A new business movement in the city is catering to wannabe foodies who are craving a fresh social experience.
Instead of following the well-worn tracks of a traditional pub crawl, companies are targeting young professionals for pre-planned nights exploring Vancouver’s food scene.
Tangoo is a “resto-cocktail hop” offering an evening’s food and drinks at a set price. It has partnered with local businesses to organize nights where 30 to 50 people start at a bar for an appetizer and a drink, eat dinner at a nearby restaurant and follow up with a nightcap or dessert at a third venue.
Participants usually attend in groups of friends or as couples and are given bracelets to identify them as “Tangooers.”
Tangoo founder Paul Davidescu said the idea behind the business was developed a year after the excitement of the 2010 Winter Olympics had waned and the city’s empty nightlife legacy returned.
“We realized the Olympics weren’t coming back,” he said. “A lot of our nights out were unfulfilling with a lot of hassles. It felt stagnant. We were always going to the same place around the corner, and it started to seem like an expensive habit.”
Davidescu and co-founder Henry Heeney hit up their social network for a soft launch of the business last February. They continued to work on their programming by holding grassroots invite-only events during the summer, before finally opening Tangoo to the public in late October. All four nights in November and December sold out.
Davidescu said one of Tangoo’s challenges has been convincing restaurants that its clientele is an ideal base of customers who are focused on the social aspect of dining, not the cheap deals.
“First of all, you have to tell them that you’re not Groupon. There’s definitely a stigma about bringing in new customers because the way it’s been done in the past has been very unstable for businesses.”
Davidescu added that Tangoo’s target customers are mostly young professionals.
“They’re an energetic bunch, they’re early adopters, and they want something new. They’re willing to buy a bottle of wine with their meal, because they’re not there for the deal; they want the experience.”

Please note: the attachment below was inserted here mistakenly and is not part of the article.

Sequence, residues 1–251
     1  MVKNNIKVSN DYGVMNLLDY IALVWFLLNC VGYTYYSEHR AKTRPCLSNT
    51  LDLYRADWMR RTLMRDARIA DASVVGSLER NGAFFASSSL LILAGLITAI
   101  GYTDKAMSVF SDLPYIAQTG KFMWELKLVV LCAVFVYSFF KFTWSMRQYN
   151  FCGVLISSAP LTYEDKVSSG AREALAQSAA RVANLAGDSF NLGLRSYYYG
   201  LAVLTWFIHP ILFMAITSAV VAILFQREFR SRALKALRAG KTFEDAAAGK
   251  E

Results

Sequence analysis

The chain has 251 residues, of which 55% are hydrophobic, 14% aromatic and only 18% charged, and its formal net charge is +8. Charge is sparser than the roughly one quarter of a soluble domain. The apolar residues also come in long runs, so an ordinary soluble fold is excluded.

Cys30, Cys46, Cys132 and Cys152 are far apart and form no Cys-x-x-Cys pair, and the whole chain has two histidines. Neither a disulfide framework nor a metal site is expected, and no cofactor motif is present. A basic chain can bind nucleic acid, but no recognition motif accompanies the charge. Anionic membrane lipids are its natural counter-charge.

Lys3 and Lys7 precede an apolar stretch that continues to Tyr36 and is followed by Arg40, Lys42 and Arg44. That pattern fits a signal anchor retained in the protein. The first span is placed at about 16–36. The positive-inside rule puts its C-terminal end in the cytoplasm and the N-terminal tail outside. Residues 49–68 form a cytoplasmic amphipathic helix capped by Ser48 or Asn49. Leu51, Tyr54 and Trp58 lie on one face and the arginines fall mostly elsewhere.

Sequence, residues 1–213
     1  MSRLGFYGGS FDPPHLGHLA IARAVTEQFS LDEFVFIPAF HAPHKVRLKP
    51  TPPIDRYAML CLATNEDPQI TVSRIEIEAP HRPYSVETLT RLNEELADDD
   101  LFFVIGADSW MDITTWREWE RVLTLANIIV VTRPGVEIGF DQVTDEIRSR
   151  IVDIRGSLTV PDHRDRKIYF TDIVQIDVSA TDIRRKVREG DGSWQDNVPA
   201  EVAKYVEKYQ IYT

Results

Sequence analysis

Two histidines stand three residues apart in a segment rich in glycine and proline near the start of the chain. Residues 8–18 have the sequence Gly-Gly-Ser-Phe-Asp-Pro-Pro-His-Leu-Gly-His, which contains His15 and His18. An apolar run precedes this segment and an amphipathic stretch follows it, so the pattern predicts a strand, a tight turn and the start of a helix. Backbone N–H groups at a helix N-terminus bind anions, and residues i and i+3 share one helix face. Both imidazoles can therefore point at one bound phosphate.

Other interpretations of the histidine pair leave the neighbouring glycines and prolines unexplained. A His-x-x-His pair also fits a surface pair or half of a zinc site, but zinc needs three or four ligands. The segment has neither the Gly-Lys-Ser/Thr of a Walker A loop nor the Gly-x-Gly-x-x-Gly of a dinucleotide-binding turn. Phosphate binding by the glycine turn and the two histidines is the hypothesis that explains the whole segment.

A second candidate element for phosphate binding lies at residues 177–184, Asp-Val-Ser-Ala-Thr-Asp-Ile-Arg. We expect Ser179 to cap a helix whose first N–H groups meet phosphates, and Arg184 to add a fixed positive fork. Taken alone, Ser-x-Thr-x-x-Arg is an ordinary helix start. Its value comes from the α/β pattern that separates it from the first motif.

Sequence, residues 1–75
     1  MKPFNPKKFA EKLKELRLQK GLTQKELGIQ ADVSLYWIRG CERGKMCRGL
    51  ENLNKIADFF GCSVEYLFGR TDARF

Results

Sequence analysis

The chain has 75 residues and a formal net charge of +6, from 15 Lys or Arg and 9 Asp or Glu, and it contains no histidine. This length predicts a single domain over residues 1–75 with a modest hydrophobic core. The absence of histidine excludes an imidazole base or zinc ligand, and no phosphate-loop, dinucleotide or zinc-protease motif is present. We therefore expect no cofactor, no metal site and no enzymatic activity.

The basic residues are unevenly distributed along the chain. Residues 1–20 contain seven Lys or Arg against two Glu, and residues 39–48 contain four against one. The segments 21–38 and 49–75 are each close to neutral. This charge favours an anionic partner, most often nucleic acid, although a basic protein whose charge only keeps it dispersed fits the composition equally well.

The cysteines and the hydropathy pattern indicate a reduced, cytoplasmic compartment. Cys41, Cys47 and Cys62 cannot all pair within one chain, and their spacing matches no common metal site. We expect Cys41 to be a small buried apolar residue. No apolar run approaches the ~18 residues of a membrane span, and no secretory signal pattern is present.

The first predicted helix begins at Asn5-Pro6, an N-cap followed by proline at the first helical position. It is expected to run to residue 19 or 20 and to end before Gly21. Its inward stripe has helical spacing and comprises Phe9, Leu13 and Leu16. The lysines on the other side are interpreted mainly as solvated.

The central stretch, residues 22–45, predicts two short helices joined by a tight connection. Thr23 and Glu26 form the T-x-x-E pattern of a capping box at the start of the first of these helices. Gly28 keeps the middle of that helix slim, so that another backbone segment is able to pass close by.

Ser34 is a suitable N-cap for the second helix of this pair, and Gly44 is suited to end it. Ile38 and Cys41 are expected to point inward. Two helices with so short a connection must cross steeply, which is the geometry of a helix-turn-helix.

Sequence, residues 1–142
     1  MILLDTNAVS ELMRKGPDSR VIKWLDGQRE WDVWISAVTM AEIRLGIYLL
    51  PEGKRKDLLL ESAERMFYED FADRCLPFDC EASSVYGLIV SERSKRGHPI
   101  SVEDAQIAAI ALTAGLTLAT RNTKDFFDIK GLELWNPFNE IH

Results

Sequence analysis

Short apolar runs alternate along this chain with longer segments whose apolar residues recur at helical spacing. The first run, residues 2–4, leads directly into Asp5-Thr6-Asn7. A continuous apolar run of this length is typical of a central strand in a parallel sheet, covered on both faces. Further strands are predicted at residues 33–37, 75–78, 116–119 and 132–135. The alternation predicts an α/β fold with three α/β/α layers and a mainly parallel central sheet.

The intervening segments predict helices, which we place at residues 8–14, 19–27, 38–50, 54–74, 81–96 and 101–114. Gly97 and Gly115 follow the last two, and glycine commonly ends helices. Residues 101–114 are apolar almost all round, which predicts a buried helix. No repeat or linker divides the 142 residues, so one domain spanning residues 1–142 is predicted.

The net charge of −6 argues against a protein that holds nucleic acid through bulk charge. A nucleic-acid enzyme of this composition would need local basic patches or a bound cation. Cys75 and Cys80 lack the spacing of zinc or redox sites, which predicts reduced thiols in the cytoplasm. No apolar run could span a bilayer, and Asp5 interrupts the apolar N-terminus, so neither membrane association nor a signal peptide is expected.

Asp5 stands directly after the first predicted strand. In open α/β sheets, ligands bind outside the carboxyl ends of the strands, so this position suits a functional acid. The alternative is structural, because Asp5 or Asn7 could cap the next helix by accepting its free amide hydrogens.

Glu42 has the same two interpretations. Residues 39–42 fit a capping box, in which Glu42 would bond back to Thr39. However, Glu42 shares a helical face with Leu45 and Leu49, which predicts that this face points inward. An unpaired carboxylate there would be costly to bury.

Katherine Wearing, marketing manager for the bar 131 Water, said Tangoo events have been good for business.
“It’s a great crowd; a lot of people didn’t know we were here,” she said. “They’re in and out in about an hour, and it’s just so easy.”
Wearing said the only disadvantage of working with Tangoo is offering them a discount. “But it doesn’t matter very much because it’s been a slower season anyway.”
Dishcrawl’s business model is similar to Tangoo’s, but it has a slightly higher price point and is aimed more at the affluent “foodie” professional.
For $60 per person, customers get food at four restaurants but drinks must be bought separately. Tangoo offers a $50 package that includes a drink, appetizer, dinner and dessert or nightcap.
Dishcrawl is now in more than 45 North American cities and expanded to Vancouver at the end of last year.
“Our simple mission is to bring people together over food,” said founder Tracy Lee. “The concept really resonated with people as we started introducing it. People come for the food but stay because they love the social aspect.”
Lee said that Dishcrawl’s nights are popular with both couples and singles between 30 and 55 years old, although on some Sundays the average age is closer to 75.
“Restaurants love the fact that we bring in the exact demographic of who they’re trying to attract,” said Lee. “It’s really low effort for them to get people in the door.”
Lee said that one of the biggest challenges is making a profit. “We can’t do everything we want to do because we don’t have the funds, but that’s OK. We’re a sustainable model and everybody is happy.” •